Cheers and applause as £4 million neutron instrument is lowered into place

Wednesday 16 November 2011

Engineers install the detector tank of Polaris

Engineers install the £4million detector tank of the Polaris neutron instrument at the ISIS Neutron Source
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Engineers and scientists at STFC’s ISIS neutron source faced nervous moments on Friday (11 November 2011) when a new £4 million instrument that took five years to design and build, was lifted and lowered into its fixed position by a 30 tonne crane.

Polaris, a ‘super microscope’ is one of the most advanced neutron instruments in the world.  It will measure objects on the nanometre scale, a million times smaller than a speck of dust.  The giant camera will make images of the atomic structure of materials and will be able to watch chemical reactions in real time.  Measuring the positions of atoms in a material allows you to understand completely why a material behaves the way it does.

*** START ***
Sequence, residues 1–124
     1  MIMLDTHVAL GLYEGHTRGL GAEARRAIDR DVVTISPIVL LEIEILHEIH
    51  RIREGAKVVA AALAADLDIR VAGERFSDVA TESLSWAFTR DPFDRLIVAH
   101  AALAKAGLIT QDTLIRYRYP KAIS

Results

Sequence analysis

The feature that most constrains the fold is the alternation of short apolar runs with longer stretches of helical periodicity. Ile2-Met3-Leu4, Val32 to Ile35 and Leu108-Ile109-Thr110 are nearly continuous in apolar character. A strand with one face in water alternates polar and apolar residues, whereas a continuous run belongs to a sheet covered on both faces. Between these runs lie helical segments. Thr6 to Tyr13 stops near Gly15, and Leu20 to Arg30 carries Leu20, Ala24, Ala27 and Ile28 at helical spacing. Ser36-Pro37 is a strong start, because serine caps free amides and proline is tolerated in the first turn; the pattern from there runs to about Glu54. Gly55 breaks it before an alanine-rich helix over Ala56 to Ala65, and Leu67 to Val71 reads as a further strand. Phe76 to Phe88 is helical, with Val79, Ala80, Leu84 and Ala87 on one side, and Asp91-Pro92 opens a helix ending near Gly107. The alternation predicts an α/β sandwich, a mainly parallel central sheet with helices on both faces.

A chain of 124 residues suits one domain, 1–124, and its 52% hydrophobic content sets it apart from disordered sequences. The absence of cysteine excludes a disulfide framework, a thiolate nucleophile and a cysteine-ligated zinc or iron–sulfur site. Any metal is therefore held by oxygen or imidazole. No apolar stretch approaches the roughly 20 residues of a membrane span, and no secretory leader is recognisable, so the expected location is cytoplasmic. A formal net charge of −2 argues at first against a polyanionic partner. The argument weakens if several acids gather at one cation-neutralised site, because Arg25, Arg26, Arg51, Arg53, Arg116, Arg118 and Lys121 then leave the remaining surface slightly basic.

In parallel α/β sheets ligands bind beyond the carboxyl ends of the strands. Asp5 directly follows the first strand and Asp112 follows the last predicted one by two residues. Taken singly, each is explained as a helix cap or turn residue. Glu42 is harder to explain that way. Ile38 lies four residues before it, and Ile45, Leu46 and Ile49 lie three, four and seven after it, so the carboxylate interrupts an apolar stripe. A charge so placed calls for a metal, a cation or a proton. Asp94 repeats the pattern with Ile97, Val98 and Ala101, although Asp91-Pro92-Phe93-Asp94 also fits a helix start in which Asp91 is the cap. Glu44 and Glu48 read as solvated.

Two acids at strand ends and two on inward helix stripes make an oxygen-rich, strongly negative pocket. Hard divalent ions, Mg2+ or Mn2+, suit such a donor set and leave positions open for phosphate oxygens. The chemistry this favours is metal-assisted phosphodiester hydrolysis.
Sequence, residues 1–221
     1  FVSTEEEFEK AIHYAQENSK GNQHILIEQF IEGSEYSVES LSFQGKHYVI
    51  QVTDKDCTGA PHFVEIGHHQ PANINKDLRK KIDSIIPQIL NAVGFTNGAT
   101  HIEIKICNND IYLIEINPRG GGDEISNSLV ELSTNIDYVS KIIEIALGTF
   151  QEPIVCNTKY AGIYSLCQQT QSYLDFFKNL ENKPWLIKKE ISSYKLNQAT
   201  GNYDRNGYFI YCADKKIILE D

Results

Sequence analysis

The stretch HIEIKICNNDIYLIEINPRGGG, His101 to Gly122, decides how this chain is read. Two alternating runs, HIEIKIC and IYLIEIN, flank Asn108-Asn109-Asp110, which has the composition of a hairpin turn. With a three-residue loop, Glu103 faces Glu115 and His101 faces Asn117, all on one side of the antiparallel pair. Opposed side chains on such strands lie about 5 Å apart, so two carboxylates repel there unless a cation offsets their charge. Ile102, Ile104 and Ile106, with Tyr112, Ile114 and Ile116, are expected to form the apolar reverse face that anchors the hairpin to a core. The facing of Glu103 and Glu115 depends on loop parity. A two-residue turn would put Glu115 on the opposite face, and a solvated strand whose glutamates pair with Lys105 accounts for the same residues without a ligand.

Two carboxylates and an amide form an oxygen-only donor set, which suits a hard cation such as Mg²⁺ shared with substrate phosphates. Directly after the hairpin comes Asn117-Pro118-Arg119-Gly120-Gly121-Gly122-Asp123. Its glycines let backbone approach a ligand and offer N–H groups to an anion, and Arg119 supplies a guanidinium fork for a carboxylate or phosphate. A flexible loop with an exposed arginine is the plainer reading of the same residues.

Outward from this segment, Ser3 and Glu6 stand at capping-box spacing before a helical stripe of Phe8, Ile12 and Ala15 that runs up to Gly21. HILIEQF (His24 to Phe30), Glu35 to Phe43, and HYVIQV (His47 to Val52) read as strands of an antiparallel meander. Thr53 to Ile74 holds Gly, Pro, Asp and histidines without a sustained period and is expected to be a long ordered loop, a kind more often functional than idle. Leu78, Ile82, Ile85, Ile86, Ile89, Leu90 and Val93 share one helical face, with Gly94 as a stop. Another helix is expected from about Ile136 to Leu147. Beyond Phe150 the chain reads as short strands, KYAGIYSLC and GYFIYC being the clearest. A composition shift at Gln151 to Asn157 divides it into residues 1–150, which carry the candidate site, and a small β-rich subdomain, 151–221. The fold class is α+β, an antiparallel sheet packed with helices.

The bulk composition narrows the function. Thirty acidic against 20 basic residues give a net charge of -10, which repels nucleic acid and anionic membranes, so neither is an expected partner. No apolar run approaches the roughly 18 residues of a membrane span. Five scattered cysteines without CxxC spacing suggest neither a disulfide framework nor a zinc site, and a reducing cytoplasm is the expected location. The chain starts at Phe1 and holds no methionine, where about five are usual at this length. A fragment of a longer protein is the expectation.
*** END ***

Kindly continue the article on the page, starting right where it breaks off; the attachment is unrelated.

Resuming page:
Academics and industry will use Polaris to:

- improve the performance of laptop and mobile phone batteries
- find the structure of new pharmaceutical drugs to understand how they interact with molecules in the body responsible for diseases like Alzheimers
- develop new magnetic materials that can be used to make new forms of computer memory

Around £3.6 million has been spent on items such as electronics, cables and detectors with about 90 per cent being spent with UK companies. The project is a collaboration between the UK, Sweden and Spain.

John Randall who is in charge of installing the instrument said: “When you have seen first-hand the level of detailed work that has gone into constructing an instrument like Polaris, to see it lifted in the air on the crane, even though you know the crane is fully capable of lifting it, is a really nerve-wracking experience. I’m just relieved to see it in place now!”

Dr Stephen Hull, lead scientist on the project said: “Polaris will allow us to make measurements up to 30 times faster than we could before and follow chemical reactions in real time opening up new areas of science. Demand from the community to use the instrument is high, and we already have a queue of experiments waiting for it to come online. I’m looking forward to seeing results from the new rechargeable battery and fuel-cell materials that I’m working on with our Swedish collaborators.”

Commissioning of the instrument will begin in December 2011 and it is expected to be fully operational by February 2012.

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